Updated: July 19, 2021 06:10 AM GMT
Brother Van seemed to know beforehand about sufferings and even death facing him for his love for God. (Photo courtesy of nhathothaiha.net)
“No hardship can erase the gentle smile that always flickers across my thin face. And my radiant smile is just for my Jesus lover! I am the offering of love, and love is my perfect, eternal happiness. Anne Marie, my dear sister, I advise you not to cry, but try to have fun and give all to God.”
The message was excerpted from the late Redemptorist Brother Joachim Marcel Nguyen Tan Van's letter to his sister while he was imprisoned in northern Vietnam.
Brother Van, who was then 26, bravely left Da Lat in Vietnam’s Central Highlands and returned to Thai Ha monastery in Hanoi to bear witness to the Good News in northern Vietnam, which was controlled by communist forces who defeated French troops in May 1954. At that time hundreds of thousands of people including Catholics fled to the south to escape political and religious persecution by the government.
Before taking flight to Hanoi, the Redemptorist told those who advised him not to leave: “"No one, nothing can disarm my weapon of love. I leave to prove that there were still people who love God in the communist-ruled region. My death will be the life of many people. My death will mark the beginning of peace for Vietnam."
Thai Ha monastery, which was founded in 1929 by Canadian Redemptorists, at that time had only five Redemptorists — two Canadians and three Vietnamese including Van.
Canadian Father Denis Paquette served as their superior until he was forced to leave the Southeast Asian country in 1958, when Brother Van had been imprisoned for over three years.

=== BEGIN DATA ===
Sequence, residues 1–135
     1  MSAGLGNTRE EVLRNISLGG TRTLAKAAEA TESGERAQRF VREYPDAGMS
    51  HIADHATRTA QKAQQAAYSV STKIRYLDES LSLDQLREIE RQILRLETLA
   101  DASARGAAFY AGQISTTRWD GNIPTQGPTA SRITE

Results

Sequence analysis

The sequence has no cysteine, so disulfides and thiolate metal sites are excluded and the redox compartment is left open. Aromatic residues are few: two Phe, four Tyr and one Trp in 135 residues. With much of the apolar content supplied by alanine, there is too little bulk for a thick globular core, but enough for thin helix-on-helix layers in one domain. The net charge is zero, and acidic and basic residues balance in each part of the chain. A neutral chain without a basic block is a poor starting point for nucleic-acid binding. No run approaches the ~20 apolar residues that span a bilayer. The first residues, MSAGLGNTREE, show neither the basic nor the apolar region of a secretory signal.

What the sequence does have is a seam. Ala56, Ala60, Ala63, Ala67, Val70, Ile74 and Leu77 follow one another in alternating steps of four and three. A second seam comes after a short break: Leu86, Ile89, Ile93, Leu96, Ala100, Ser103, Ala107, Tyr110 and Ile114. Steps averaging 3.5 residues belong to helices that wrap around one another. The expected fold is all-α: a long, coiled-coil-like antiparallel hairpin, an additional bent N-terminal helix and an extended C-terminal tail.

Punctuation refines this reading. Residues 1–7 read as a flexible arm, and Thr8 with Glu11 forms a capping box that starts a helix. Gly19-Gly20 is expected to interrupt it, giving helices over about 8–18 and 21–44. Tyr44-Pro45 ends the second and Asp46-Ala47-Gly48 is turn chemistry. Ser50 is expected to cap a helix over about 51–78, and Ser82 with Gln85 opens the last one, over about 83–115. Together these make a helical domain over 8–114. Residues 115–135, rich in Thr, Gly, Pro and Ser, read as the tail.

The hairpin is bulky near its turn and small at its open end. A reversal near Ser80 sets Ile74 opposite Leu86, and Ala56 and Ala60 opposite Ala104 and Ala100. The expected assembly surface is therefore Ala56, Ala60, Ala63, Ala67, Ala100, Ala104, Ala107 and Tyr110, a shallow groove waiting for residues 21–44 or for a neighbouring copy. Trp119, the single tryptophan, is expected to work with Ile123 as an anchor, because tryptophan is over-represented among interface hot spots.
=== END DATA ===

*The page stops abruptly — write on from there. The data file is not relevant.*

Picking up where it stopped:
Communists will force me to slander you, but you should not be afraid as I will never slander you
Brother Van, who entered the Redemptorists in Thai Ha in 1944 and took his first vow two years later, seemed to know beforehand about sufferings and even death facing him for his love for God. "Communists will force me to slander you, but you should not be afraid as I will never slander you. I will put up stiff resistance to them, and then I will win them," he told his superior.
What he foretold happened to him nine months after he returned to Hanoi. He was arrested on May 7, 1955, while he was bearing witness to the truth on the street. Some people talked about untrue stories in the south: Southern people were forced to work as slave labor and youths were made to join a foreign army. He told them that “I myself come from the south. I confirm that the south government never did such things.”
His superior Father Denis Paquette said: “Brother Marcel Nguyen Tan Van has been accused of spying for the American empire and the government of South Vietnam. From intimidation to promise, they forced him to plead guilty and simultaneously denounce his superior as the commander of espionage and anti-government propaganda. He will be released if he pleads guilty and denounces the superior. Marcel is no stranger to communist gimmicks and has become a loyal hero to God and his conscience."